Does pro-life stop when a child is born and we no longer fight for their quality existence? Because when I go to my district and I see children who are struggling, and I listen to all this testimony, what do I say to kids we see every day? What do I say to them? […] These are kids who are *here* on the face of the Earth walking every single day that we see. So, is our love greater for those that we don't see? And less for those we see every day? That have already been born? THAT'S the disconnect that I have. That's my disconnect. As a Christian, that's my tension with this whole issue and with those who advocate for it. Because these are kids we see. I could bring them up in here and put them in front of us.

Help me understand. Why does it seem as though it stops when a child is born and walking on  the face of the Earth? […] How can you love those that you don't see greater than those that you see every day? That's the disconnect that I feel. That's my tension. And that's why I feel conflicted on this subject.  

So, yes, let's make our signs and prepare our statements and wear our orange shirts, and let's flood the Capitol with protests and with indignation and with a sea of non-violent demonstration. But let's also start broadening the conversation. This kind of hypocritical farce of "legislating" has to stop.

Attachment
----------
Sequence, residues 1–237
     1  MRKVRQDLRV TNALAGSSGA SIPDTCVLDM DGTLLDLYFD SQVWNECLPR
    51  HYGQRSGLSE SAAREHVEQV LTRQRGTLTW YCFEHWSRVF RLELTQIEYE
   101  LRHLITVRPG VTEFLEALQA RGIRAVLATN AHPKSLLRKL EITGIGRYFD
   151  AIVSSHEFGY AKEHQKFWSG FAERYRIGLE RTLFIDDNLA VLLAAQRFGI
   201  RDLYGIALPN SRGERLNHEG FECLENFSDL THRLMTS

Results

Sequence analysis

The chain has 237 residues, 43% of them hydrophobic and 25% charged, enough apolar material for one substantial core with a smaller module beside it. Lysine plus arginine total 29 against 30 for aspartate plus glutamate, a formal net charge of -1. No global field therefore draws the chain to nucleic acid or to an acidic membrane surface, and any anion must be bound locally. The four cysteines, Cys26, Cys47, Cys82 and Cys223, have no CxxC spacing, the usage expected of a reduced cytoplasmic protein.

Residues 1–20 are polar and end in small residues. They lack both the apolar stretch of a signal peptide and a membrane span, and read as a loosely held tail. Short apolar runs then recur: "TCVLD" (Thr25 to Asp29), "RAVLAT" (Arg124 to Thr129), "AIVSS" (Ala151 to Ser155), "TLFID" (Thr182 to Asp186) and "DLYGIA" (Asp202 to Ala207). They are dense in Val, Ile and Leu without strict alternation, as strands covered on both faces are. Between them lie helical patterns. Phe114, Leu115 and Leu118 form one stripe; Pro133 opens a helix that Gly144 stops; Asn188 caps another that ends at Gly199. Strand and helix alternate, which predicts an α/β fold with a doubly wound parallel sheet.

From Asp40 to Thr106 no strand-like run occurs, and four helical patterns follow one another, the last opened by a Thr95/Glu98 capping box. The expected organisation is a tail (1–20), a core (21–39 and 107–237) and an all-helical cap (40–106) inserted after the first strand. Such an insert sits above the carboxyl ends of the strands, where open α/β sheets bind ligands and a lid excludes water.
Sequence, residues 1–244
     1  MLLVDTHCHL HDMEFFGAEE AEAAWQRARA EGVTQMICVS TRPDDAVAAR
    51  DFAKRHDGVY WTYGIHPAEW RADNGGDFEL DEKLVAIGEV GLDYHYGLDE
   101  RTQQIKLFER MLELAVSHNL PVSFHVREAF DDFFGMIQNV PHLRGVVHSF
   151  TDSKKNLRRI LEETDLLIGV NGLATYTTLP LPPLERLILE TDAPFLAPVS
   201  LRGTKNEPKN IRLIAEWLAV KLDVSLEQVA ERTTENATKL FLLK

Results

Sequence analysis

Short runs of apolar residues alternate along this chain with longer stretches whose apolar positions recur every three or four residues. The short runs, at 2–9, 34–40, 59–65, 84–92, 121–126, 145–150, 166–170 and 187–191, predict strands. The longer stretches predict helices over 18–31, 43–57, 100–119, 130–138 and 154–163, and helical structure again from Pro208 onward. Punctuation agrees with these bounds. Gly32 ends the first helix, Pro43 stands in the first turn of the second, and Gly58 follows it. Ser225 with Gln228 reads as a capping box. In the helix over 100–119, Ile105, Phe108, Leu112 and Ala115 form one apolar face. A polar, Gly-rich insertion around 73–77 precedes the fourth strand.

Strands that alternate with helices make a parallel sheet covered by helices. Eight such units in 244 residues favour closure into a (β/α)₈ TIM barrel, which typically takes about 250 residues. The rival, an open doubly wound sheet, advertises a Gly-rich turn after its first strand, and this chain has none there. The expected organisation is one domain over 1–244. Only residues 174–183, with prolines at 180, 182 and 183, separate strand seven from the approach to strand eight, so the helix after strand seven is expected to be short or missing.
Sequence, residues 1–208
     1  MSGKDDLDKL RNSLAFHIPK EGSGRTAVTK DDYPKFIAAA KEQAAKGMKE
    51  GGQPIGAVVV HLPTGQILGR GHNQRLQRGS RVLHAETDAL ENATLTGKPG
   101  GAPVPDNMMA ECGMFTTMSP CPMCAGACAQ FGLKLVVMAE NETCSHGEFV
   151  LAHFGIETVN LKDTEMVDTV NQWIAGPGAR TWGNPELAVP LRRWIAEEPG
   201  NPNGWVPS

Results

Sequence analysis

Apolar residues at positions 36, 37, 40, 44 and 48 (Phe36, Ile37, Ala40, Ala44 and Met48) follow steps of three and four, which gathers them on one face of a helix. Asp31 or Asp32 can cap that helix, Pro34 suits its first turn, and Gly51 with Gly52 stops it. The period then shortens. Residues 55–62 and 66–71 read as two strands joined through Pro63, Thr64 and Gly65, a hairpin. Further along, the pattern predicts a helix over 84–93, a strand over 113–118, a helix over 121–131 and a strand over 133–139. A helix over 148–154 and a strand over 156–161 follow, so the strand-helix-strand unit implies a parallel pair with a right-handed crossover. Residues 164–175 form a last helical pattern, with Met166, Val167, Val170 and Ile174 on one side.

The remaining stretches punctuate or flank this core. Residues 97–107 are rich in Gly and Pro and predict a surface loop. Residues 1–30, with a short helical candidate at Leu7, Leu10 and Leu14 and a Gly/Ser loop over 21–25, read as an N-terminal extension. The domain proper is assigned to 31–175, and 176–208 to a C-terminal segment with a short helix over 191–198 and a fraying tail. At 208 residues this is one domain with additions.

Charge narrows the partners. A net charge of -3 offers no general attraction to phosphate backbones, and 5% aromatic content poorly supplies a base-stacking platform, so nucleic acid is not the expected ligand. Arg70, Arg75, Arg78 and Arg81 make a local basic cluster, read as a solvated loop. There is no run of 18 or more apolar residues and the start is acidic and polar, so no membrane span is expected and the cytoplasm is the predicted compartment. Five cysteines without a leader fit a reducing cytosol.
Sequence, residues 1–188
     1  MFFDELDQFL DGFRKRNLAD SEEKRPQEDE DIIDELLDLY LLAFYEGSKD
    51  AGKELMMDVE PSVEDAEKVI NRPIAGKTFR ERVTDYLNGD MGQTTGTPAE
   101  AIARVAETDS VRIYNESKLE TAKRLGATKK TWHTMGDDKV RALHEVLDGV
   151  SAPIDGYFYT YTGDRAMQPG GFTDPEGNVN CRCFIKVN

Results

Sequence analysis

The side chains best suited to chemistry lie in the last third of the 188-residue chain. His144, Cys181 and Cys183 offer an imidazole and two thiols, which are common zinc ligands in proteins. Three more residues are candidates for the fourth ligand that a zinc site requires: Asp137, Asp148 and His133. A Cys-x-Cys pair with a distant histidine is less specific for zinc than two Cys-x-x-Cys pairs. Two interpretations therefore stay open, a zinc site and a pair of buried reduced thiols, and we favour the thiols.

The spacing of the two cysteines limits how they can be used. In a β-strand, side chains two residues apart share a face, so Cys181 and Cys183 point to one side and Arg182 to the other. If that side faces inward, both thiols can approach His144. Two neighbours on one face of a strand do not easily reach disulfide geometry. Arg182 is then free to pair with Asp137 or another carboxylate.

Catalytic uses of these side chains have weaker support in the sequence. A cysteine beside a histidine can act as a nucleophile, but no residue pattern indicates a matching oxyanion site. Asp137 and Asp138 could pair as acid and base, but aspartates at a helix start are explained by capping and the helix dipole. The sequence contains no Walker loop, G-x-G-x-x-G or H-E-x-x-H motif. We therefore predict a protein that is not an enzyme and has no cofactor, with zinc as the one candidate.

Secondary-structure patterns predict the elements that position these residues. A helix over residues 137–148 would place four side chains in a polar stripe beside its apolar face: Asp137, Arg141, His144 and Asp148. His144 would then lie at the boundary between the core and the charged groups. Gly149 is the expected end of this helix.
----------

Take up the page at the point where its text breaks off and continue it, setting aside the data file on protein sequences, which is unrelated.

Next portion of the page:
And we are are the ones who will stop it.  

2 thoughts on “Changing the argument

  1. Um, hypocrisy, like this
    It is NOT ok for the federal government to restrict a woman’s right to choose to (or not to) have an abortion.
    It IS ok for the federal government to tell law abiding women (and men) how many bullets they can have in their legally purchased gun. And what kind of gun they are allowed to own.
    It is NOT ok for the federal government to define to a woman (and man) what the definition of marriage is.
    It IS ok for the federal government to force a woman (or man) to buy health insurance, whether she (or he) wants to or not.
    Wait for it–
    Token Conservative (he’s back)


  2. Dear Token Conservative:
    1. Restricting abortion isn’t what is happening in some states. They are making it essentially impossible for many women to have access to a legal procedure.
    2. I would be happy with universal background checks.
    3. Equal is equal. You need not attend, have nor condone gay marriage if you do not think it is a real “marriage.”
    4. Someone pays for health care or lack of health care. I’m not saying it is a perfect plan, but it is the plan that the insurance lobby and conservatives fought less strenuously against.